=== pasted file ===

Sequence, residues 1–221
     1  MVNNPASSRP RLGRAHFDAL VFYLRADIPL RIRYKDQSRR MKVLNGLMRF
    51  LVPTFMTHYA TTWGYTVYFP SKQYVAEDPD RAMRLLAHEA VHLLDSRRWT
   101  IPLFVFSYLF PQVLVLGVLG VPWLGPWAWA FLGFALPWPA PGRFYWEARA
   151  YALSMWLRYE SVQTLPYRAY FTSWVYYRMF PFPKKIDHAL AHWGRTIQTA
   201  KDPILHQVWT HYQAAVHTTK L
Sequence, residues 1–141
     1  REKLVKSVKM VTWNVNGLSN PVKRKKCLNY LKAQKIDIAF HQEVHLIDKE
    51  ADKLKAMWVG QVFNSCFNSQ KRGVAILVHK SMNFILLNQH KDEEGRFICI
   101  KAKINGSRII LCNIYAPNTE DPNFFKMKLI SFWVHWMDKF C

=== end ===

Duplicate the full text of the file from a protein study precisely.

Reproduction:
Sequence, residues 1–221
     1  MVNNPASSRP RLGRAHFDAL VFYLRADIPL RIRYKDQSRR MKVLNGLMRF
    51  LVPTFMTHYA TTWGYTVYFP SKQYVAEDPD RAMRLLAHEA VHLLDSRRWT
   101  IPLFVFSYLF PQVLVLGVLG VPWLGPWAWA FLGFALPWPA PGRFYWEARA
   151  YALSMWLRYE SVQTLPYRAY FTSWVYYRMF PFPKKIDHAL AHWGRTIQTA
   201  KDPILHQVWT HYQAAVHTTK L
Sequence, residues 1–141
     1  REKLVKSVKM VTWNVNGLSN PVKRKKCLNY LKAQKIDIAF HQEVHLIDKE
    51  ADKLKAMWVG QVFNSCFNSQ KRGVAILVHK SMNFILLNQH KDEEGRFICI
   101  KAKINGSRII LCNIYAPNTE DPNFFKMKLI SFWVHWMDKF C